Table of Contents
Thrombosis
Volume 2012 (2012), Article ID 367823, 6 pages
http://dx.doi.org/10.1155/2012/367823
Research Article

Lack of Association between Recurrent Pregnancy Loss and Inherited Thrombophilia in a Group of Colombian Patients

1Grupo Reproducción, Universidad de Antioquia, Medellín, Colombia
2Grupo de Estudio en Trombosis, Universidad de Antioquia, Medellín, Colombia
3Departamento de Ginecología y Obstetricia, Universidad de Antioquia and Hospital Universitario San Vicente de Paúl, Medellín, Colombia
4GENMOL, Universidad de Antioquia, Medellín, Colombia

Received 9 November 2011; Accepted 27 January 2012

Academic Editor: Solaf Elsayed

Copyright © 2012 Henry Cardona et al. This is an open access article distributed under the Creative Commons Attribution License, which permits unrestricted use, distribution, and reproduction in any medium, provided the original work is properly cited.

Abstract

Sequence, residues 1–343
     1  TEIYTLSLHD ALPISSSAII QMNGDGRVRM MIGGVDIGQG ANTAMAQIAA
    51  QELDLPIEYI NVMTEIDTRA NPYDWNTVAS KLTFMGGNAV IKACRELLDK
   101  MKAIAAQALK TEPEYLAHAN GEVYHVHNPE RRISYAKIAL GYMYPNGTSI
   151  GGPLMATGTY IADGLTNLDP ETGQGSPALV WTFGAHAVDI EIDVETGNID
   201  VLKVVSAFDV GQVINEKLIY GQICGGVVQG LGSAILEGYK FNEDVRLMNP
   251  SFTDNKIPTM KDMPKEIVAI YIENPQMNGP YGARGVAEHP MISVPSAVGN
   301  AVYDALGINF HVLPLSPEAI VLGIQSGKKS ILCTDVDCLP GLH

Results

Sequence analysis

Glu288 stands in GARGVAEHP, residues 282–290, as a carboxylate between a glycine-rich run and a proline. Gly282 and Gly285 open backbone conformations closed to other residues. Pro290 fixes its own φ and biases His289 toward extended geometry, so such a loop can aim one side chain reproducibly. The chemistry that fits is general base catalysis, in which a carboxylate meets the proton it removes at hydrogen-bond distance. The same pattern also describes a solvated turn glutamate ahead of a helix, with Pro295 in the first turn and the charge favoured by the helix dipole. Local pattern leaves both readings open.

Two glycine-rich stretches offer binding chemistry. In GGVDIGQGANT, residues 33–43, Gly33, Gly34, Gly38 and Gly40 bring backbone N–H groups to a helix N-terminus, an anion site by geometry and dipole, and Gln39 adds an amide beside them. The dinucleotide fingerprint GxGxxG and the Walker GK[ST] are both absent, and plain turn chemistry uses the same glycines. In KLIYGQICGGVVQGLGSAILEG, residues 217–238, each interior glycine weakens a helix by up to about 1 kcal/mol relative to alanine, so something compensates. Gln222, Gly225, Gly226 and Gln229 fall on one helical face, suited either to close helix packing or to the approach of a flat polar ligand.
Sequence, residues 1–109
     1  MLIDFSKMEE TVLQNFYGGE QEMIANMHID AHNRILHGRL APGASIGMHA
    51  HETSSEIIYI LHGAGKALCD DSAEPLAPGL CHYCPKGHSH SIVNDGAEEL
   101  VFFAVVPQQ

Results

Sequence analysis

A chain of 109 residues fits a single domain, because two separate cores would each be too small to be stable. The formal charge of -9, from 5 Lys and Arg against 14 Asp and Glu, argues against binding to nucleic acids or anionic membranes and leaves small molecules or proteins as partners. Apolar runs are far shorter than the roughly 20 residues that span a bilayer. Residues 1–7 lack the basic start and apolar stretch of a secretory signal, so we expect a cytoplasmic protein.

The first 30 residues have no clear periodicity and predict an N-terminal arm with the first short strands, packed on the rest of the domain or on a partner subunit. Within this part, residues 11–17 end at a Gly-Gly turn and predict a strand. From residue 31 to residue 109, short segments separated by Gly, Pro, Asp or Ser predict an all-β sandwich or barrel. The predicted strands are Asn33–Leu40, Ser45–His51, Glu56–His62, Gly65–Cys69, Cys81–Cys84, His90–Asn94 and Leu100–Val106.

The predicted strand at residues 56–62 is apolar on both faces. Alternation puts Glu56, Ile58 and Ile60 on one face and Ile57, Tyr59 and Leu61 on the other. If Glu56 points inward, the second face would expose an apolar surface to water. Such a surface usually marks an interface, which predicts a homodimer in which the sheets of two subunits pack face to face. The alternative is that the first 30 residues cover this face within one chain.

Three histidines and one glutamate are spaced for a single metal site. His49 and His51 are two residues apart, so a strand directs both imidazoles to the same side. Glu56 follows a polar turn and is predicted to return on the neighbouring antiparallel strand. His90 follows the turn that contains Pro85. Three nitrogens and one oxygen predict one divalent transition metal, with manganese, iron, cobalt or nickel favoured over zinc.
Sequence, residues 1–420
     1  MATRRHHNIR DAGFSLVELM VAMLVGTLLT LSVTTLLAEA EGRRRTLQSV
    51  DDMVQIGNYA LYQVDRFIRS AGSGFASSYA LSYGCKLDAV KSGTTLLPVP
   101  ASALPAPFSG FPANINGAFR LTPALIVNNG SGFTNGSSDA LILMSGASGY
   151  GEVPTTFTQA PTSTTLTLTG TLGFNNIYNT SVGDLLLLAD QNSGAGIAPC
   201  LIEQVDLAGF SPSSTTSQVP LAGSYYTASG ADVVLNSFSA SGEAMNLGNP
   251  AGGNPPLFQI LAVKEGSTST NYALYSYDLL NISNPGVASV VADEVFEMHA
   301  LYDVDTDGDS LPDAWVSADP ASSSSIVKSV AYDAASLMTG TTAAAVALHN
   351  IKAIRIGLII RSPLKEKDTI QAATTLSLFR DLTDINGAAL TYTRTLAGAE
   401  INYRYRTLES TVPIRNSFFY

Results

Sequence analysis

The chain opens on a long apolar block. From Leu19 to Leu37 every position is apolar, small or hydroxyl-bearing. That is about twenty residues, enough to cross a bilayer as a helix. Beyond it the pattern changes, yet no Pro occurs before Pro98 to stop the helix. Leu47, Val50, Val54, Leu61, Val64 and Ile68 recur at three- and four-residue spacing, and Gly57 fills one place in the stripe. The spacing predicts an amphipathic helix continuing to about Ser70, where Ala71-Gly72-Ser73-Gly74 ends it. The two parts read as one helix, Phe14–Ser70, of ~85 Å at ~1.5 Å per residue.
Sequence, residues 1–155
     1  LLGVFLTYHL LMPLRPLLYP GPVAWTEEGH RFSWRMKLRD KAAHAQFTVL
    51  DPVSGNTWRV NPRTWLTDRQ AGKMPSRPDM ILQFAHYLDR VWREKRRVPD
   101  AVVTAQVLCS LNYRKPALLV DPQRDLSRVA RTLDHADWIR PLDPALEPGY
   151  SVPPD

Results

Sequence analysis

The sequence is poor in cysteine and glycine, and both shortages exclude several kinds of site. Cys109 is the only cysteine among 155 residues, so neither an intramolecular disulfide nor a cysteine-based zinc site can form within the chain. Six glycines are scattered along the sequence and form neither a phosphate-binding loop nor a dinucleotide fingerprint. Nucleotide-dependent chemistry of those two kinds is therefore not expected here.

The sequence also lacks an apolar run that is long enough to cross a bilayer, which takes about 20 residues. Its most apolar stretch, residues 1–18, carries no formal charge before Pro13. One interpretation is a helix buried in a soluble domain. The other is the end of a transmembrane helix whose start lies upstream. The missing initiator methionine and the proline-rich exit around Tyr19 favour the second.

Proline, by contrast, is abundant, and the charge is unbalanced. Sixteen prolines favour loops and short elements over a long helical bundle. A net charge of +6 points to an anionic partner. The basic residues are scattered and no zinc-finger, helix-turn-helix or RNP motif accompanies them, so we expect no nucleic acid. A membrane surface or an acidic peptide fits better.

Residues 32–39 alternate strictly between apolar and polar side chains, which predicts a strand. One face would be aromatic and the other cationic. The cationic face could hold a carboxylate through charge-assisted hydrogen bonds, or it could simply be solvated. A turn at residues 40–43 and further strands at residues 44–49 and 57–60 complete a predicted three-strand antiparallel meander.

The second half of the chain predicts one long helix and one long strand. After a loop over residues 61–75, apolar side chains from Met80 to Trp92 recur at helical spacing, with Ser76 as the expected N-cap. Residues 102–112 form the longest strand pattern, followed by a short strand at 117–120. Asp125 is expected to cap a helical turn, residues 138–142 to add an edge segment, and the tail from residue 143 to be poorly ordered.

Studies have shown an association between recurrent pregnancy loss and inherited thrombophilia in Caucasian populations, but there is insufficient knowledge concerning triethnic populations such as the Colombian. The aim of this study was to evaluate whether inherited thrombophilia is associated with recurrent pregnancy loss. Methods. We conducted a case-control study of 93 patients with recurrent pregnancy loss (cases) and 206 healthy multiparous women (controls) in a Colombian subpopulation. Three single nucleotide polymorphisms (SNPs) markers of the inherited thrombophilias factor V Leiden, prothrombin G20210A, and methylenetetrahydrofolate reductase C677T were genotyped by PCR-RFLP. Activated protein C resistance and plasma levels of antithrombin, protein C, and protein S were also measured. Results. The frequency of thrombophilia-associated SNPs, activated protein C resistance, and anticoagulant protein deficiencies, was low overall, except for the methylenetetrahydrofolate reductase C677T SNP. The differences between patients and controls had no statistical significance. Conclusion. Our study confirms the low prevalence of inherited thrombophilias in non-Caucasian populations and it is unlikely that the tested thrombophilias play a role in the pathogenesis of recurrent pregnancy loss in this Colombian population.